Choosing books for a friend or an acquaintance is a real treat; it gives you an opportunity to think about that person’s character, what they mean to you and what they might enjoy learning about. The Prime Minister’s Summer Reading List is personal, but it is also about public good – what does the Prime Minister of New Zealand need to know or think about as we move into 2020 – the year of perfect ’20/20′ vision?
The gift of a book tends to say a lot about the giver as well as the receiver, and a collection of books says even more. We rarely choose similar books, instead we look for a range of different formats (e.g. image, data and narrative-based texts) or intensities (e.g. deep and narrow books tend to be written by a subject specialist versus broad and general books which are often written by a thinker). But we also look for gender diversity and a variety of topics (e.g. science, politics, social issues). I always aim to add a fun book: something that warms my heart and gives me hope. Finally, I always like to showcase some great New Zealand books, particularly those that are quirky and original.
For me, the choice of books define what I am thinking about and what I am worried about. The whole process, from thinking to selecting, is important as it also helps to shape the Institute’s work programme. Since we started selecting a list of summer reading books with the Prime Minister in mind, we were looking to put together a collection that would shed light on the challenges that might eventuate. We work year-by-year; although we generally have a sense of direction, we are not limited to deliverables. We may sometimes change direction throughout the year in response to new information, people or events.
With these in mind, the texts we gave to the Prime Minister and other political party leaders are:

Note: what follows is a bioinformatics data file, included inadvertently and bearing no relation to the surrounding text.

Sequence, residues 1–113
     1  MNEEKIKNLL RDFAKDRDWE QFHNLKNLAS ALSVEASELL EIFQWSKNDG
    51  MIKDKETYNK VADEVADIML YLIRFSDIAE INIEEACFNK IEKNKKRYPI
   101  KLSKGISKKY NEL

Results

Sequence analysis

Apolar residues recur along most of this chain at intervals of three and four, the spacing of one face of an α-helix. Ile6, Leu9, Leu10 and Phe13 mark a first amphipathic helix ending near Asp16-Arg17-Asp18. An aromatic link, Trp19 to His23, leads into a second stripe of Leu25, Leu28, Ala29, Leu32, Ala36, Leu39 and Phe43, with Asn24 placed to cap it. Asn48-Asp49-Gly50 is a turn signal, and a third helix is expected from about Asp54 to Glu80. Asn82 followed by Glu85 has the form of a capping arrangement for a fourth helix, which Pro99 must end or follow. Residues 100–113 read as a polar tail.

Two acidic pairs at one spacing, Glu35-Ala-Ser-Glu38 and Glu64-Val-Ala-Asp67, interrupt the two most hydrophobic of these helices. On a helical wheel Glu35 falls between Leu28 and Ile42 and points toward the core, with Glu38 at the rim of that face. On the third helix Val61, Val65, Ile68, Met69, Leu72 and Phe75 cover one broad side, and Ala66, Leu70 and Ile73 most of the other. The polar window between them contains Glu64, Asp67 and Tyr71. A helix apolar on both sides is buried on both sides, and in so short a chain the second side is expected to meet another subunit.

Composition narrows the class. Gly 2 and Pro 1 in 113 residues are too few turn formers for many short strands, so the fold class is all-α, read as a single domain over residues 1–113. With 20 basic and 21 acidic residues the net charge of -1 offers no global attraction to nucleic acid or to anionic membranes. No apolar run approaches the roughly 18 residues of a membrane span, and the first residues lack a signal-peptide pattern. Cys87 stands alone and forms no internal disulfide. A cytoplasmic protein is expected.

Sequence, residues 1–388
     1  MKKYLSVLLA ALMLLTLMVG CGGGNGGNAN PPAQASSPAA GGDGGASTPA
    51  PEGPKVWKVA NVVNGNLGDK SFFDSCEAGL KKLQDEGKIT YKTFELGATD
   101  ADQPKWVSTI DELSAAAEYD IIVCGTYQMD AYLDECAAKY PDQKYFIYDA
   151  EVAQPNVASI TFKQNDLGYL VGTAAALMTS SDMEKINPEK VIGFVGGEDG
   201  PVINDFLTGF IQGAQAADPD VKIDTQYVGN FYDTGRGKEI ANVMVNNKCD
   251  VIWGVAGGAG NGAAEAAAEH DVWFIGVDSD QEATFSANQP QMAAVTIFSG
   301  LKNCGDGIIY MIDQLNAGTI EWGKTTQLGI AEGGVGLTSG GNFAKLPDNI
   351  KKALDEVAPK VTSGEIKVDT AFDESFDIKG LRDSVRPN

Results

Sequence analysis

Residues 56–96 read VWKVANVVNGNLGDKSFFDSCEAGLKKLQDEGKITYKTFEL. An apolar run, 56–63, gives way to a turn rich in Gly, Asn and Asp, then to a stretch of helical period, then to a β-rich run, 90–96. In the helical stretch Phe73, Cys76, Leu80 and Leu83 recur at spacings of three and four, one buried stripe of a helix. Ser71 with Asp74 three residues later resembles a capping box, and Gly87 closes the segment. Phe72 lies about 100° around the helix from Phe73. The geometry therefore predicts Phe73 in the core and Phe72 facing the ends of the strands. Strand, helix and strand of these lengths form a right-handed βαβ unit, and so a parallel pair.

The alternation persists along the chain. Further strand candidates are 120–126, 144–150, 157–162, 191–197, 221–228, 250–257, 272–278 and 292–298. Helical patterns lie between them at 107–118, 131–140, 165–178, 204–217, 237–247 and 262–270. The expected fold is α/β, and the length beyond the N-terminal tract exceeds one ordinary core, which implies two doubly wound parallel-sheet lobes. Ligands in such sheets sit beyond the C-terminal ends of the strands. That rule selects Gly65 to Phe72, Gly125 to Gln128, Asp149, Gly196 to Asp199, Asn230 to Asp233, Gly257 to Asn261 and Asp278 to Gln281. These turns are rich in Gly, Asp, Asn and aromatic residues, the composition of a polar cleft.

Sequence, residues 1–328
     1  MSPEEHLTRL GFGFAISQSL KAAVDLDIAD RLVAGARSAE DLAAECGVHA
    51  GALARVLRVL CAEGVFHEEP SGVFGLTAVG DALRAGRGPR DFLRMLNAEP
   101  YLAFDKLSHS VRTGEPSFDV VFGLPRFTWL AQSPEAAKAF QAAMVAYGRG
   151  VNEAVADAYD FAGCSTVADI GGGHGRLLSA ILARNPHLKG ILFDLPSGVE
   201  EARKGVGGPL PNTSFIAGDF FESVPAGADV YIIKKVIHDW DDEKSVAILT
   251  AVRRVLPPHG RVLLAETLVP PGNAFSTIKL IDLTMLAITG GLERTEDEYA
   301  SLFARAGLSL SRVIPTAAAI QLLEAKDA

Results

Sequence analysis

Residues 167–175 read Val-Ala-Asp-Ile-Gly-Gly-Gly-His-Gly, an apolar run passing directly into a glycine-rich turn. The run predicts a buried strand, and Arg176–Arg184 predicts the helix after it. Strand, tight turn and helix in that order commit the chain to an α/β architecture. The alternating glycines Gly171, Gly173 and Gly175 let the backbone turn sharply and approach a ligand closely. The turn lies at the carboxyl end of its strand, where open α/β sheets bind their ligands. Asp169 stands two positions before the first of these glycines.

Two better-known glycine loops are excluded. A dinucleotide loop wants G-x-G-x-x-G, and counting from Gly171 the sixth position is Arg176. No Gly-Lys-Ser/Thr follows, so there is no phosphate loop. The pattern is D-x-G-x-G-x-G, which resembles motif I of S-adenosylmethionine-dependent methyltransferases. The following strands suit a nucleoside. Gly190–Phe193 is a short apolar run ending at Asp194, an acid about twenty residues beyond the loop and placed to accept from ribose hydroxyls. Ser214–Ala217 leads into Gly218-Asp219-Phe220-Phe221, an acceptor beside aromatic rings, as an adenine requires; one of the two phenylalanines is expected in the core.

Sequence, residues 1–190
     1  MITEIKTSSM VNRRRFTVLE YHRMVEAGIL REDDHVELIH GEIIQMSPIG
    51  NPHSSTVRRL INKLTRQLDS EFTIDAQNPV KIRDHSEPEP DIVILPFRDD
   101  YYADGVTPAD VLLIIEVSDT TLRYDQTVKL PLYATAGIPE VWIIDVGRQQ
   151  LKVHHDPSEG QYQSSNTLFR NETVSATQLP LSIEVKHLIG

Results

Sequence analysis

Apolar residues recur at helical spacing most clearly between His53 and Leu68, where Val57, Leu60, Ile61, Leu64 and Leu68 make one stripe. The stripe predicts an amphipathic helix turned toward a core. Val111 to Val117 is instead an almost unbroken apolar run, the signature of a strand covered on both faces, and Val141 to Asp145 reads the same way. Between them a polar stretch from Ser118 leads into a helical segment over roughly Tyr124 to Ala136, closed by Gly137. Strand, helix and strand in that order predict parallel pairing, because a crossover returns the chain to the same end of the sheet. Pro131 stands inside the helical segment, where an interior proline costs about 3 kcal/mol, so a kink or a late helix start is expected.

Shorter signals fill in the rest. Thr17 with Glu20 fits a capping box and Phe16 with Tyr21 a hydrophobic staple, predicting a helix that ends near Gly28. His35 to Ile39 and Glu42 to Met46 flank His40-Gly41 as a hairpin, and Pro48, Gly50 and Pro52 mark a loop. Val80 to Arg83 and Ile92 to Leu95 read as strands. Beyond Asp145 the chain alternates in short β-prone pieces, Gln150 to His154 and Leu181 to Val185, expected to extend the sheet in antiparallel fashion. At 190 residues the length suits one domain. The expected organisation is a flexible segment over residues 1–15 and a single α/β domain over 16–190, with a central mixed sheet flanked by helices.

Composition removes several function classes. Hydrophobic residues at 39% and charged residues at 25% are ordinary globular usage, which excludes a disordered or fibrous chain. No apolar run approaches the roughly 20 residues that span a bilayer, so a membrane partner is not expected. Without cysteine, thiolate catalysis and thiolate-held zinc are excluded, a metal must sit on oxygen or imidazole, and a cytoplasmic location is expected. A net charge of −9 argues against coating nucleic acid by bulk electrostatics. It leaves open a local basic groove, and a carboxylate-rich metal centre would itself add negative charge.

- We Are Here: An Atlas of Aotearoa, Chris McDowall and Tim Denee
- The Narrow Corridor, Daron Acemoglu and James A. Robinson
- #NoFly, Shaun Hendy
- Mindf*ck: Inside Cambridge Analytica’s Plot to Break the World, Christopher Wylie
- Where Power Stops: The Making and Unmaking of Presidents and Prime Ministers, David Runciman
- Protest Tautohetohe: Objects of Resistance, Persistence and Defiance, Stephanie Gibson, Matariki Williams and Puawai Cairns
- KiMuaNZ: Exploring climate futures, McGuinness Institute
- Revisiting Tomorrow newspaper, McGuinness Institute
We Are Here: An Atlas of Aotearoa by Chris McDowall and Tim Denee (2019)
I have selected this beautiful book partly because I am a great believer in the power of design to communicate complex ideas and partly because I am a great believer in the importance of understanding our history. I found the approach of We Are Here particularly interesting because of its presentation of such a wide range of data.
Read a review of We Are Here on The Spinoff by Aaron Schiff here.
The Narrow Corridor: States, Societies and the Fate of Liberty by Daron Acemoglu and James A. Robinson
This is another insightful book from the authors of Why Nations Fail (2012). Acemoglu and Robinson state in the preface that:
Our argument in this book is that for liberty to emerge and flourish, both state and society must be strong. A strong state is needed to control violence, enforce laws, and provide public services that are critical for a life in which people are empowered to make and pursue their choices. A strong, mobilised society is needed to control and shackle the strong state.
Sabeel Rahman says in his review for Washington Post: